Memorandum of Decision Re: Withdrawal of Withdrawal of Claim

FOR THE NORTHERN DISTRICT OF CALIFORNIA In re ELIZABETH MULDER,                                        No. 1-86-00026 Debtor. ___________________________/
Memorandum of Decision
     There is a surplus in this Chapter 7 estate, which the trustee will return to the debtor if there are no allowed claims which remain unpaid. Creditor Noyo Investment Company argues that its claim should be allowed and paid.      Noyo filed a timely claim in this case in 1988. On June 12, 1992, it filed a withdrawal of its proof of claim. On February 16, 1993, it filed a pleading entitled "Withdrawal of Withdrawal of Claim." On the objection of the trustee, the court ruled that a claim may not be revived by withdrawing a withdrawal, and that the underlying claim was in any event barred by the applicable statute of limitations. Noyo has moved for reconsideration, bringing forward a new document having bearing on the statute of limitations issue.      The court sees no reason to change its ruling regarding Noyo's inability to withdraw its withdrawal. Withdrawal of a claim is governed by FRBP 3006. The effect of a withdrawal is the same as the voluntary dismissal of an adversary proceeding. See the Advisory Committee note to Rule 3006. While the withdrawal may be without prejudice, a new proof of claim must be filed to reassert the claim. The original claim cannot be revived by "withdrawing the withdrawal" any more than a lawsuit can be be revived by "dismissing a dismissal."      However, a finding that the original claim cannot be revived does not end the dispute. Since there is a surplus after timely filed claims have been paid, a late claim may be paid pursuant to section 726(a)(3) of the Bankruptcy Code if it is otherwise allowable. This means that the statute of limitations issue must be addressed.      Noyo's claim is based on a note all due and payable on June 25, 1981. Both sides agree that a four-year statute of limitations is applicable, so that the statute would have run before the 1986 bankruptcy filing in the absence of any tolling of the statute. However, Noyo argues that a written agreement between Noyo and the Mulders in January, 1984, started a new four-year period.      A mere acknowledgment of a debt is sufficient to start a new limitations period, even if it does not include a promise to pay. Western Coal & Mining Co. v. Jones, 27 Cal.2d 819, 822 (1946). The 1984 agreement discusses the "amount of monies owed by MULDER to NOYO INVESTMENT COMPANY, INC., . . . said amounts to be approximately $55,882.78 . . . ." This was clearly an acknowledgment. Accordingly, the claim is not barred by the statute of limitations.      For the reasons stated above, Noyo's motion for reconsideration will be granted in part. Noyo shall have an allowed, tardily filed claim which shall be paid pursuant to section 726(a)(3) of the Code.      Counsel for Noyo shall submit an appropriate form of order.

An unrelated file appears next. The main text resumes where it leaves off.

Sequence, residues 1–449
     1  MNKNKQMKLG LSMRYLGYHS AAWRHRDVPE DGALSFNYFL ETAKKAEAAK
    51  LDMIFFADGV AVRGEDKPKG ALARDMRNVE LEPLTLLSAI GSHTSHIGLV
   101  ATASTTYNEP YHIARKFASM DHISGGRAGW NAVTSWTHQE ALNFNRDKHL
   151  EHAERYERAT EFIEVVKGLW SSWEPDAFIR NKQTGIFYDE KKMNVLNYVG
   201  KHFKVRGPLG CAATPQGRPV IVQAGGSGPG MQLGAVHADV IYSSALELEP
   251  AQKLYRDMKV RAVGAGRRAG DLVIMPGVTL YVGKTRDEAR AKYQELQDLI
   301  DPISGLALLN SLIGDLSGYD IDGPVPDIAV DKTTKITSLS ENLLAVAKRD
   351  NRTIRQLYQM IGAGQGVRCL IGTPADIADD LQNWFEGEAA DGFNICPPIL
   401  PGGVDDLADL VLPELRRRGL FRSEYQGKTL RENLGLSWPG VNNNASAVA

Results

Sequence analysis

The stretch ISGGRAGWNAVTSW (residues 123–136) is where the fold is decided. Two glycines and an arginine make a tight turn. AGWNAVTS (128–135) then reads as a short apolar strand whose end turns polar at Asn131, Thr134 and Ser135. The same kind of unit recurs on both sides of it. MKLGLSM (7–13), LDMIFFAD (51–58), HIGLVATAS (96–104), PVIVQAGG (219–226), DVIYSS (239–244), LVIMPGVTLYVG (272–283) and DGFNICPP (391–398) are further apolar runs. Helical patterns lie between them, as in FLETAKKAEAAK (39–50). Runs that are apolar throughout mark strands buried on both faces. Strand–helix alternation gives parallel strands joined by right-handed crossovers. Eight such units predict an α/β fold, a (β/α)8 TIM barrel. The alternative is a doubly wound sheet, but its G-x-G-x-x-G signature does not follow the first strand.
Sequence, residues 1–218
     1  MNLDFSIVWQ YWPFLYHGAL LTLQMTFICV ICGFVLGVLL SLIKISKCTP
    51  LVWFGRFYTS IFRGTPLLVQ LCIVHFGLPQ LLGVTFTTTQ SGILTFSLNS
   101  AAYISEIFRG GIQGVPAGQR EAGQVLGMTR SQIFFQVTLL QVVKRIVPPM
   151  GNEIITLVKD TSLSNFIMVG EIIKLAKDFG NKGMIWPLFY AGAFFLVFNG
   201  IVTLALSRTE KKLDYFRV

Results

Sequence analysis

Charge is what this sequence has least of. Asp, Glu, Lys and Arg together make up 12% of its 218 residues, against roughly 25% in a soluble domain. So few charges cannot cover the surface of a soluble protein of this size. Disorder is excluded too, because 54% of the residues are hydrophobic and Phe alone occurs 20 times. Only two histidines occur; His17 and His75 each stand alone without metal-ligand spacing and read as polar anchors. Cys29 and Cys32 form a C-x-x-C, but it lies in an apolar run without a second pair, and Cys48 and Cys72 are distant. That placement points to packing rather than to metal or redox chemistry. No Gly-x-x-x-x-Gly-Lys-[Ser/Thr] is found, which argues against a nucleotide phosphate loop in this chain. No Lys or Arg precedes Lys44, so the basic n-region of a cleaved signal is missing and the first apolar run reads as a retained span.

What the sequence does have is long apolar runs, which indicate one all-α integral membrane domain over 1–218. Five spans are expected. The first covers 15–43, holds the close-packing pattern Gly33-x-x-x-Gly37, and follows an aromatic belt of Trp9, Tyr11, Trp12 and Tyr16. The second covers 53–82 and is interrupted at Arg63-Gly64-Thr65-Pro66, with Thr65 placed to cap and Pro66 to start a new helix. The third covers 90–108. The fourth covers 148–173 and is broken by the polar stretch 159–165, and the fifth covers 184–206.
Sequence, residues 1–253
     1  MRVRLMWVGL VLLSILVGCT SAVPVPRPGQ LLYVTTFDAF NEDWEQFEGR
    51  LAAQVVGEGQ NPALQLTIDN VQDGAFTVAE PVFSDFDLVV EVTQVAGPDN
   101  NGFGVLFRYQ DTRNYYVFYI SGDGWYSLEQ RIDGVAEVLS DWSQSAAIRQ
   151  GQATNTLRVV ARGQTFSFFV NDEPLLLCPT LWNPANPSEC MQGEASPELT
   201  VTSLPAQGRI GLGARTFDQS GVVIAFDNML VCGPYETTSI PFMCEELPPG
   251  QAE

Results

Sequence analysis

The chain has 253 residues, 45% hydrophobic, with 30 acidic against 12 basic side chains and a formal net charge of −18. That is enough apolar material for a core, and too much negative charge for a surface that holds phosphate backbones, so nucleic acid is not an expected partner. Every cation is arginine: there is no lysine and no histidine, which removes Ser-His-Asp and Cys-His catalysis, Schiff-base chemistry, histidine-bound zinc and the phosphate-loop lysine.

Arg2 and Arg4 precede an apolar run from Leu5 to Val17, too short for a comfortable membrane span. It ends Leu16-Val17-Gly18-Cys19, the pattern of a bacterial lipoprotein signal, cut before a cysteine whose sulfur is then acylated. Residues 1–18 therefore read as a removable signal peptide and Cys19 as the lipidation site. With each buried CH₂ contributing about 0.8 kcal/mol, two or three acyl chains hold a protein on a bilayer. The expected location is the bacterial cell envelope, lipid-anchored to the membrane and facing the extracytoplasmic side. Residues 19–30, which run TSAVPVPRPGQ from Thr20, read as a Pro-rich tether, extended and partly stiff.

Dated: June 19, 1993                                                                              _______________________                                                                                                                      Alan Jaroslovsky                                                                                                                      U.S. Bankruptcy